Military Digest | Army Day: Pakistan Army Chief was in Delhi the day Gen Cariappa took over as Commander-in-Chief | Chandigarh News

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Army Day, observed on January 15 every year, marks the taking over of General K M Cariappa as the first Indian Commander-in-Chief of the Indian Army. General (later Field Marshal) Cariappa took over the reins of the Army from General Sir Roy Bucher, the last British Commander-in-Chief, on January 15, 1949.

On the day Gen Cariappa took over as Commander-in-Chief, Pakistan Army Chief, General Sir Douglas Gracey, was in New Delhi. Archives reveal that Gen Gracey was in India to see off General Bucher, and had attended the dinner held in his honour at Baroda House in the national capital the previous evening.

In his speech on the occasion, Gen Bucher said that on the eve of his retirement, he had been conferred the substantive rank of General in the Indian Army and he had also been decorated with a high award from the government of Nepal.

Among the other accomplishments that Gen Bucher recounted was the ceasefire agreement which had been signed between India and Pakistan on January 1, 1949, with him and Gen Gracey as the signatories from India and Pakistan respectively. This agreement had brought to an end the Kashmir War of 1947-48.

He also mentioned the restructuring of the Army HQs, the establishment of the Master General Ordnance branch, the sitting of the Staff College in Wellington, integration of the medical wings of the Army, Royal Indian Navy, and the Royal Indian Air Force and the raising of Territorial Army and National Cadet Corps as some of the achievements during his tenure.

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On December 3, 1948, the then Prime Minister Jawaharlal Nehru wrote a letter to Governor General C Rajagopalachari about the government’s intention to appoint Lt Gen Cariappa as the successor to Gen Bucher whose term as Commander-in-Chief was ending on December 31, 1948.

Nehru wrote in the letter that even though Gen Bucher may stay on for a few months more in the office had been asked for, the government had been contemplating an Indian Commander-in-Chief. He added while no official date had been fixed for Lt Gen Cariappa to take over it was felt that it may be beneficial if he is associated with Gen Bucher for some time before taking over.

Nehru also said in the same letter that he had informed Gen Bucher of this decision and that he would inform Lt Gen Cariappa the next morning (December 4) and would ask them to keep the information a secret until the government makes a public announcement a few days later.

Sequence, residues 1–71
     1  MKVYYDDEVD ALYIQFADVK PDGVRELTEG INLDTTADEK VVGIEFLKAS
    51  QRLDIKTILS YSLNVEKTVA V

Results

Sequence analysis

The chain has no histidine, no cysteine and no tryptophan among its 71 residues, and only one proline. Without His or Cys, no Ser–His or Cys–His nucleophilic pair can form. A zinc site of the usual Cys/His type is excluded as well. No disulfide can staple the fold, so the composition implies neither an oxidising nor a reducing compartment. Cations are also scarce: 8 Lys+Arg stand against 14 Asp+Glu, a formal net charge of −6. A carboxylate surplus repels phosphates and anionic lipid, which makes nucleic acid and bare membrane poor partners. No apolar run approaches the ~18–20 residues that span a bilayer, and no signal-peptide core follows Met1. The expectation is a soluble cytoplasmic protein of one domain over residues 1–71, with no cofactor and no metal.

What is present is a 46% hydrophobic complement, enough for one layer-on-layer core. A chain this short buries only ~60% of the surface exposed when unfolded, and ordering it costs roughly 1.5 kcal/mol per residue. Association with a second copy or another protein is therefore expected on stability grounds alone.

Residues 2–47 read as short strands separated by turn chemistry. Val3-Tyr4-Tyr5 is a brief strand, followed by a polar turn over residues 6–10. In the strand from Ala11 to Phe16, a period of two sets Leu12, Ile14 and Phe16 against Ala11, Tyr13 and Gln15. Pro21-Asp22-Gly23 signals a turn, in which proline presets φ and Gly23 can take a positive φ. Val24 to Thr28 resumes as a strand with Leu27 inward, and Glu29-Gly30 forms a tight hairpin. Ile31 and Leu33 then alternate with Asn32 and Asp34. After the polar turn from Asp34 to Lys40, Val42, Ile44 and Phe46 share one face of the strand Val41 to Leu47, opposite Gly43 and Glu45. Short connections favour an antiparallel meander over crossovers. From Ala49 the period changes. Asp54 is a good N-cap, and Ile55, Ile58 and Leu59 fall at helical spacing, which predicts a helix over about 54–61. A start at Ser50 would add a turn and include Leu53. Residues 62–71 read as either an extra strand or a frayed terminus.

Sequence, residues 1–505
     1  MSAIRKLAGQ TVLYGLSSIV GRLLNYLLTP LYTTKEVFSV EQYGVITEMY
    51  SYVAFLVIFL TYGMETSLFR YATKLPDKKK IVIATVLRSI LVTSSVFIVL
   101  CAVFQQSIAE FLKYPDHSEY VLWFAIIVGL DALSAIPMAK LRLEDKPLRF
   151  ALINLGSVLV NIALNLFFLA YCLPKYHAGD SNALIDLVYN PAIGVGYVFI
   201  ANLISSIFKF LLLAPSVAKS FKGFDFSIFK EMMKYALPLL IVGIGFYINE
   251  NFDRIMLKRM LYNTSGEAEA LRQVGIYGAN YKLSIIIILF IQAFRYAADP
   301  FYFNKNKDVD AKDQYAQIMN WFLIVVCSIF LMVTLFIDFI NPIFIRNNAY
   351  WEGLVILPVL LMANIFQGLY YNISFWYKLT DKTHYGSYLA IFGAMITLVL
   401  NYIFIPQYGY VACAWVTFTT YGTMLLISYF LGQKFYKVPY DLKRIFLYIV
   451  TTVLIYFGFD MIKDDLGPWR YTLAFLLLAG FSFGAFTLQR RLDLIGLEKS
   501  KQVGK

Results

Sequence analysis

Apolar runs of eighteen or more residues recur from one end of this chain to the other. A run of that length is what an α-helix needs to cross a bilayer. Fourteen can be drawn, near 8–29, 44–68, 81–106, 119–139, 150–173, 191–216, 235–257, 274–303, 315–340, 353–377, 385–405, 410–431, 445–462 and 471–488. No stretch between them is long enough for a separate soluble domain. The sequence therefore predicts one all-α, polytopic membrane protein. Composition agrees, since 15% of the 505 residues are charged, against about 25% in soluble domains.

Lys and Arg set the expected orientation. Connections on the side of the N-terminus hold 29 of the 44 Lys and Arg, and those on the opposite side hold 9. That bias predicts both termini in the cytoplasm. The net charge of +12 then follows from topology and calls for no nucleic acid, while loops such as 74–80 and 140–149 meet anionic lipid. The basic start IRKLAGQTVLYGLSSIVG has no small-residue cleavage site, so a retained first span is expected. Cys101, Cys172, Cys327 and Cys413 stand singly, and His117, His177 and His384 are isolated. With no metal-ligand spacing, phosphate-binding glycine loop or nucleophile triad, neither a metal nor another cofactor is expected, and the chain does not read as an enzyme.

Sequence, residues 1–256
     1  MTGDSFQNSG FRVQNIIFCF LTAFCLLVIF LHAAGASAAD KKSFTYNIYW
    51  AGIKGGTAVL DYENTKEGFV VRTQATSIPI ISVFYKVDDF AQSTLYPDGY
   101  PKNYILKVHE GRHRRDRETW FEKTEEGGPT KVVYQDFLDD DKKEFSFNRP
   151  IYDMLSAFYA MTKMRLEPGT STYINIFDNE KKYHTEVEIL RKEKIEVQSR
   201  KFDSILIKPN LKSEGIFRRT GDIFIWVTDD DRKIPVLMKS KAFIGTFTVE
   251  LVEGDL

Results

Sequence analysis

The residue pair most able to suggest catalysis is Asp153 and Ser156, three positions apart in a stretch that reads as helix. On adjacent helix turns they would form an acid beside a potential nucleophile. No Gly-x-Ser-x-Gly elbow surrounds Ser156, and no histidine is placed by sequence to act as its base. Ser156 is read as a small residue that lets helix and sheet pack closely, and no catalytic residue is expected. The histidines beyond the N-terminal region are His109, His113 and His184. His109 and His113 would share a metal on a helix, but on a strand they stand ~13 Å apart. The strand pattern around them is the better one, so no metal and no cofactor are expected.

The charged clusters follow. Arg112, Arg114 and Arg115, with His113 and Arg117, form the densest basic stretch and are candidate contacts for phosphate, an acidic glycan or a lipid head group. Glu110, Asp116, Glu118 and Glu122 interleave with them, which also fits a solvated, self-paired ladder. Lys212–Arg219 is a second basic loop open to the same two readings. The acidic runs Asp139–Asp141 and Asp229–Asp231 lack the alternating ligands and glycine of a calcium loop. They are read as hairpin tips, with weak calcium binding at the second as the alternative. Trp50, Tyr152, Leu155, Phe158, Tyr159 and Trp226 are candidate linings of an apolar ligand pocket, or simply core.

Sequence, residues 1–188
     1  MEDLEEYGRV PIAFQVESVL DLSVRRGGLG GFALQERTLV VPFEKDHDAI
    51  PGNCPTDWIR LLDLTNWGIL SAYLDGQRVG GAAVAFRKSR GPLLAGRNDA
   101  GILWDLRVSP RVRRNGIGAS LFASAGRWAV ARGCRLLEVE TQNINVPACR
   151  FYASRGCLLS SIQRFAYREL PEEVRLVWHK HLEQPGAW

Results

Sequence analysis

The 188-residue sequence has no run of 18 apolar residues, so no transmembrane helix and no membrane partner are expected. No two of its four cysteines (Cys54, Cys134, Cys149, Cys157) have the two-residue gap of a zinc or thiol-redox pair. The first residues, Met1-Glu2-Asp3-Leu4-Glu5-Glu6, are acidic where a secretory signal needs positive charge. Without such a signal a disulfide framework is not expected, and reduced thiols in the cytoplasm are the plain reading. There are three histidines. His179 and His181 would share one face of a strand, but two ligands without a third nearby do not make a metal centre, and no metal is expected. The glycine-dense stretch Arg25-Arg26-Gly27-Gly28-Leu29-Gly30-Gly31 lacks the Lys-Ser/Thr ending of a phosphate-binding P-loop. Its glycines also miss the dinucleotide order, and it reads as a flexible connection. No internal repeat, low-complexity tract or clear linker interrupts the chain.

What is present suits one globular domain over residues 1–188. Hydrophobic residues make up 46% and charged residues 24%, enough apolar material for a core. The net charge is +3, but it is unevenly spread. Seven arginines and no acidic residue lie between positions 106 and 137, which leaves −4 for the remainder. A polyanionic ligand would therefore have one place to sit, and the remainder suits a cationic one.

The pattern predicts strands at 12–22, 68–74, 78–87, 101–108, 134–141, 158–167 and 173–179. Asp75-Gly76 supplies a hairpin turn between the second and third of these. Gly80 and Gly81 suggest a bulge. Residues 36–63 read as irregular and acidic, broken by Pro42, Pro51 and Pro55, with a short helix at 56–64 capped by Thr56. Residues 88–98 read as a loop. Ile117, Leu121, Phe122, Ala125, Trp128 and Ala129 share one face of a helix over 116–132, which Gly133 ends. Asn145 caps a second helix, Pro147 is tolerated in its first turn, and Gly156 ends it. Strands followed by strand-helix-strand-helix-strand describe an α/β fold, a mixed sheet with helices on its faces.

The circumstances in which these last British generals finally left the Indian Army were far from pleasant. While Gen Bucher left the office soon after the ceasefire agreement was signed with Pakistan, his predecessor, General Rob Lockhart, was reportedly ‘asked’ to leave at the end of 1947. There have been reports that Nehru was miffed with Lockhart for not keeping the government in the loop over his conversations with some British officers in the Pakistan Army regarding the infiltration by tribals from Pakistan into Jammu and Kashmir.

While Lockhart had informed the Defence Council of a tip-off on infiltration in Jammu and Kashmir that he received on October 24, 1947, from Gen Gracey, it was suspected that he did not disclose the conversations he had with some Pakistan Army British officers before October 24.

According to Robin James Fitch-McCullough of the University of Vermont who wrote a thesis on ‘Imperial Influence On The Postcolonial Indian Army, 1945-1973’, “the ignominious private nature of his (Lockhart’s) departure was concealed by two days of public spectacle, marked by dinners with Nehru and senior military officers, and his being waved off from the New Delhi train station by large crowds and an honor guard of two infantry battalions”.

Field Marshal Claude Auchinleck, who had been appointed Supreme Commander of all British forces in India and Pakistan after he demitted office as Commander-in-Chief, received an indifferent send-off. McCullough writes that Auchinleck’s departure was marked only by a review of a small guard of Royal Scots Fusiliers stationed outside his home in Delhi. “A tribute in the Times of India, placed on the sixth page between ads for textiles, stock prices and classifieds, served as a farewell to his 45 years in India,” he writes.

Coming back to Cariappa, the gazette notification of January 15, 1949, of his appointment as Commander-in-Chief of India mentioned that with a substantive rank of Lt Colonel, temporary rank of Brigadier and Acting Lieutenant General he had been given the acting rank of General and appointed Chief of Army Staff and C-in-C of the Indian Army.

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